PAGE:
This section is from the book "Materia Medica And Therapeutics Inorganic Substances", by Charles D. F. Phillips. Also available from Amazon: Materia medica and therapeutics.
In congestive enlargement of the uterus, with some induration of the cervix connected with sub-involution or chronic inflammation, benefit may be derived from iodine locally applied. Tepid injections containing 1 to 2 dr. of the tincture in a pint of water, and also iodized hip-baths, are useful. Dr. Greenhalgh prepares an "iodized cotton" by saturating 8 oz. of cotton in the same quantity of glycerin, containing 1 oz. of pure iodine and 2 oz. iodide of potassium, and keeps a pledget of this pressed for some hours against the cervix, withdrawing it when necessary by a thread secured to it. Dr. Graily Hewitt applies the tincture directly to the inflamed part, and recommends this treatment especially for patients of sluggish habit and scrofulous diathesis. My own experience of this treatment in similar cases is favorable. Dr. James Bennett recommends direct injection of an iodized solution in chronic cervical metritis (Dublin Medical Journal, October, 1878). In cases of granular erosion and ulceration, the iodide of silver, prepared extempore as recommended by Dr. Wright, by adding a few drops of iodine tincture to some nitrate of silver solution, may be used with much advantage ("Diseases of Women"). In amenorrhoea dependent upon torpor of the uterine system, local applications of iodine are useful.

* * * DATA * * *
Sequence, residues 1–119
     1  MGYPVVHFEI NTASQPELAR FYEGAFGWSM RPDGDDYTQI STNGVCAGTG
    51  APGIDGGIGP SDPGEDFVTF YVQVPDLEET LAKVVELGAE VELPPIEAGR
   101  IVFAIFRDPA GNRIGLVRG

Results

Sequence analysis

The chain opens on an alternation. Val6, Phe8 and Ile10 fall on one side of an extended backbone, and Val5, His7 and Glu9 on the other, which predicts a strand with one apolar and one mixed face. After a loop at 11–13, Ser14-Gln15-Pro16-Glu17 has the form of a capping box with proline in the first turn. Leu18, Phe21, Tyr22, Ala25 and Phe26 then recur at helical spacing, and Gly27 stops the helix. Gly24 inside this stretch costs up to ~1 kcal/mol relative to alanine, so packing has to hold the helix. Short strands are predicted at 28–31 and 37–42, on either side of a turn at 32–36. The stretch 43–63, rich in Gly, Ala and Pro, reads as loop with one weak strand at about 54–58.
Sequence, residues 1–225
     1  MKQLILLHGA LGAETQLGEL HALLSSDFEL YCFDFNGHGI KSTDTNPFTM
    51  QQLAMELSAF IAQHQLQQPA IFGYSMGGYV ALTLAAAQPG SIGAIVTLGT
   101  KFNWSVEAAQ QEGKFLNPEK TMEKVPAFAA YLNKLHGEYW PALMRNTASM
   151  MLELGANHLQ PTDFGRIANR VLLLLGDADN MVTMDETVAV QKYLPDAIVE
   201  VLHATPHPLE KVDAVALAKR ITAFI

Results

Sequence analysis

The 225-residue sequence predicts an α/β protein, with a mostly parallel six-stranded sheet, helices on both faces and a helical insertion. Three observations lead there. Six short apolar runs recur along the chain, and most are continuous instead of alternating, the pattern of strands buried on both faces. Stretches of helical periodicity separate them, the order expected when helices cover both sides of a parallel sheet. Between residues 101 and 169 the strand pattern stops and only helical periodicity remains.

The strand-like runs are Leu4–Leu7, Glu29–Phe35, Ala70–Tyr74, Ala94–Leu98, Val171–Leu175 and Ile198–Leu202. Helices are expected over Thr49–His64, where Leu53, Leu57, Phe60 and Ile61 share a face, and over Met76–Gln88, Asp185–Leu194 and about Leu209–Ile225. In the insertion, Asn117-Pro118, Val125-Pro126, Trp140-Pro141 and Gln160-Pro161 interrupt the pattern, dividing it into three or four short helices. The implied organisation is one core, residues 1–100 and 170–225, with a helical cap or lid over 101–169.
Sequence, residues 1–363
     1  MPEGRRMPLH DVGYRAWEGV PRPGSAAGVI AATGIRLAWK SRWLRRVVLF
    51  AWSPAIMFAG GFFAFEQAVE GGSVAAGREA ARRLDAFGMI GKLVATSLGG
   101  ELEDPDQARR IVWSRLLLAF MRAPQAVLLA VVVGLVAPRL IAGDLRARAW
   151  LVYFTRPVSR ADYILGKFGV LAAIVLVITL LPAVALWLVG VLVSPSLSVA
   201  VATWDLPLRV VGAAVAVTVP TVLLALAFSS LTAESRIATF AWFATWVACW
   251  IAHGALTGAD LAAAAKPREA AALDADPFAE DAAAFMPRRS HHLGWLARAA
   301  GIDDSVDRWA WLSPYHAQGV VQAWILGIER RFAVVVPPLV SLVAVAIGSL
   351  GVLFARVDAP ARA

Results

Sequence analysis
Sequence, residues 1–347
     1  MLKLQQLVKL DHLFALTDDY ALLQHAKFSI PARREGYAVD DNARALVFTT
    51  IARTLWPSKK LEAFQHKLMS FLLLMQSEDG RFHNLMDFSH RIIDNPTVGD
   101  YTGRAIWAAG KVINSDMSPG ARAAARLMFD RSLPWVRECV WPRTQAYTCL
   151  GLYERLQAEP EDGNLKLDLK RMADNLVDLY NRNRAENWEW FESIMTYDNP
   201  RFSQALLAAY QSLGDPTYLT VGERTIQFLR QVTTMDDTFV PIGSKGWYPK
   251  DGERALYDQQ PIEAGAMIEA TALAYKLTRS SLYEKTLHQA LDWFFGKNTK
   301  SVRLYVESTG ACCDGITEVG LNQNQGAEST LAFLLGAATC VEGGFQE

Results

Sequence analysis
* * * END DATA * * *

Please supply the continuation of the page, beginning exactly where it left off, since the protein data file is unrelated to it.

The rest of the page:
This condition may accompany either menor-rhagia or amenorrhoea, and that arsenic may remedy either symptom is, therefore, not contradictory. In the former, the catamenia being too copious and too frequent (leucorrhoea often occurring in the intervals), and the patient becoming weak and anaemic, small doses of from 2 to 6 min. thrice daily will be found to lessen the flow and to improve appetite and general health. Mr. Hunt has recorded some striking cases of uterine hemorrhage at various intervals after labor or miscarriage, some accompanied with symptoms only of irritable uterus, "but for the most part atonic in character" (Medico - Chirurgical Transactions, vol. xxi.); all improved under arsenic. Sir C. Locock found great advantage from it in similar cases. Dr. A. Burns, from experience of it in all varieties of uterine hemorrhage, has reason to express the greatest confidence in the remedy, and records several cases treated by rather large doses, 10 to 20 min. repeated every fifteen to twenty minutes (American Journal Medical Sciences, October, 1859).